We must do better

When students from the Afro-American Society occupied Hopkins Hall on April 4, 1969, the Record published an editorial that day responding to the students’ demands for, among other things, the formation of an Afro-American studies department and affinity housing for students of marginalized identities. The editorial offered broad support to the majority of the Afro-American Society’s demands but couched its language in calls for moderation and critiques of the “uncompromising tone” of student activists, terming them “a narrow and selfish interest group.” 

This was hardly an isolated incident.

On the need for affinity housing

Creating space for minoritized students

On Friday, the Coalition Against Racist Education (CARE) Now released an open letter to the Board of Trustees with a list of 12 demands calling upon the College’s trustees to fulfill their “obligation to the well-being and safety of its students, faculty and staff.” A group of student activists seeking to continue “in the legacy of Black-led organizing efforts on the Williams College campus,” CARE Now was formed last year, its name recognizing the original CARE movement that occupied Jenness House in 1988. CARE Now’s letter indicates ways in which students believe the College can work toward making the College a less harmful place for those of marginalized identities and to take steps toward becoming a more inclusive institution.

CC pressed on racial bias in funding

At Tuesday evening’s College Council (CC) meeting, a student publicly called for accountability from CC for its conduct at its April 9 meeting and its funding process for a student-led event for Black admitted students during the College’s scheduled Previews period. Isabel Peña ’19 called for CC to “establish a permanent fund to support efforts like Black Previews,” to investigate the conduct of Office of Student Life (OSL) Associate Director Mike Bodnarik and implement bias training for CC.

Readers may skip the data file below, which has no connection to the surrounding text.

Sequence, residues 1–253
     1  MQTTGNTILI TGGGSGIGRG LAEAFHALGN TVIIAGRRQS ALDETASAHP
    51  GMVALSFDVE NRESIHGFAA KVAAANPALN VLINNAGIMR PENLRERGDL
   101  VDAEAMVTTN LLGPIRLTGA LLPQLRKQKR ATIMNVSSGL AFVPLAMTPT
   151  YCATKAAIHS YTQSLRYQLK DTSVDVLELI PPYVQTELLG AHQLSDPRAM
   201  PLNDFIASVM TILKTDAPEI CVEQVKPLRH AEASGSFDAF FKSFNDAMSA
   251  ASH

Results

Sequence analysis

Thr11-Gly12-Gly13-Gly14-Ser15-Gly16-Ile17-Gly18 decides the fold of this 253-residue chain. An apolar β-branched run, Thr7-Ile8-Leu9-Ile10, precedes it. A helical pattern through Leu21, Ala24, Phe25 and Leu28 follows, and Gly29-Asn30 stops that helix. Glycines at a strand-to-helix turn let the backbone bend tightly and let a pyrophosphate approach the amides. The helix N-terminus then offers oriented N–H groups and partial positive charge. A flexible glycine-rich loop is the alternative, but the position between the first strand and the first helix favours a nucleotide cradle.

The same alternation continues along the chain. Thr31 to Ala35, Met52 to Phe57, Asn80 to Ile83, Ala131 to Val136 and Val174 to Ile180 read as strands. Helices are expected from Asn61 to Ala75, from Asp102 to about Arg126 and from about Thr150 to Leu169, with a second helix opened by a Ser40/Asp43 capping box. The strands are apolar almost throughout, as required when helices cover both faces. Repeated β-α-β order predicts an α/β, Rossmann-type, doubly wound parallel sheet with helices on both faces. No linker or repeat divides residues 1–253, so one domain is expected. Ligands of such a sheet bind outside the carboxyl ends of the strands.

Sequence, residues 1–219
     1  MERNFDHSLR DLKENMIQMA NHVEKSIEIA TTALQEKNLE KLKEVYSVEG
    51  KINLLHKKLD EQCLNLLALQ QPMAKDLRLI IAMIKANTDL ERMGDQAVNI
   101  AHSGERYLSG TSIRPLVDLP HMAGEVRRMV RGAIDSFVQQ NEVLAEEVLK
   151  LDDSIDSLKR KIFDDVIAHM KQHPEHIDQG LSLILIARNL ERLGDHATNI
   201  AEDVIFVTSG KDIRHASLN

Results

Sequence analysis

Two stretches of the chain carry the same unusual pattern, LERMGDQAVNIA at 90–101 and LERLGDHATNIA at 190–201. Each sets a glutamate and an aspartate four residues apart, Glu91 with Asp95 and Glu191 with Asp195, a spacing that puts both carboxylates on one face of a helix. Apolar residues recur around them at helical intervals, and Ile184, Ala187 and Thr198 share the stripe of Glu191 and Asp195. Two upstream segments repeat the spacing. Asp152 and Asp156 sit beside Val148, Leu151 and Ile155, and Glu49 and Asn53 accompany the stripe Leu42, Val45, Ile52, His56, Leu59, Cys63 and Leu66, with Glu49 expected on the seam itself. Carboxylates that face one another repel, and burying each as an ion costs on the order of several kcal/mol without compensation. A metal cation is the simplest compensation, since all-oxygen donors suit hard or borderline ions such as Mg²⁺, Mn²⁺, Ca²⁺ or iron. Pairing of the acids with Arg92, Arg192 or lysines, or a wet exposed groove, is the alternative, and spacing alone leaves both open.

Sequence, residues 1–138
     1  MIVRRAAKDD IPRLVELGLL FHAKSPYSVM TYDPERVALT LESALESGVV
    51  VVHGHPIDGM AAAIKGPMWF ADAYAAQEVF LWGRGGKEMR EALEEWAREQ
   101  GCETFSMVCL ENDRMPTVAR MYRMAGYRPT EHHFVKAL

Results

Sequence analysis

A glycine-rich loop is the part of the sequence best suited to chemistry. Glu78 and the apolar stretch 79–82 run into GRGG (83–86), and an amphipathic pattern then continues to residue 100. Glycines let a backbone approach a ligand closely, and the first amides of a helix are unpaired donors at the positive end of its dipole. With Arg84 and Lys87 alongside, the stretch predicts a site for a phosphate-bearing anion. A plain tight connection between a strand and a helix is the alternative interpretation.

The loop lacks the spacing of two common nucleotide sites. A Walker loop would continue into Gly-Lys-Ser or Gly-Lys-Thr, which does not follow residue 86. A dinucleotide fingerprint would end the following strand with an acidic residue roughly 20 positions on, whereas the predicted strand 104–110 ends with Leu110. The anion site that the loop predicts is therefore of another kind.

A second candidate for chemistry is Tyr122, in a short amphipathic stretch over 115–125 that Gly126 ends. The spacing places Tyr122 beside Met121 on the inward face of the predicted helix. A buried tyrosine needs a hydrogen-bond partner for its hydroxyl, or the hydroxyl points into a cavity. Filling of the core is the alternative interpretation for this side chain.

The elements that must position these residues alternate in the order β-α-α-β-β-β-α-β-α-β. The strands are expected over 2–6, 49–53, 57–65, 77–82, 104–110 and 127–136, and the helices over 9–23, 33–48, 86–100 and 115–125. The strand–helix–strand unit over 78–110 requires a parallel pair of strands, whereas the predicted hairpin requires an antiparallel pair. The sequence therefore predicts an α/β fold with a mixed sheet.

CARE Now demands formal response from Trustees to twelve-point open letter

On Friday morning, Coalition Against Racist Education Now (CARE Now), a self-described “active and growing collective of student activists born out of resistance to the 2018 faculty petition on free speech,” sent an open letter of 12 demands to the College’s Board of Trustees in an email to the student body. The letter demanded a “formal and public response by the Board of Trustees” addressing CARE Now’s twelve objectives by today.

Students of color raise concerns about CSS

Black students and students of color have, as early as 2017, expressed discontents in experiences with Campus Safety and Security (CSS) that they believe demonstrated implicit bias. Students and administrators are collaborating in hopes to begin listening sessions among CSS, Vice President for Campus Life Steve Klass and those who have reported negative interactions with CSS.

We forget ourselves under the title: Reimagining student governance at the College

We forget what College Council is – a body fashioned after the flaws of institution. Student management positions have always been breadcrumbs, approved by and handed to us by administrators as some figment of autonomy, their main function to be an intermediary, to redirect the energy or concerns of the student body away from the administration back onto itself (Record articles from 1914, 1934).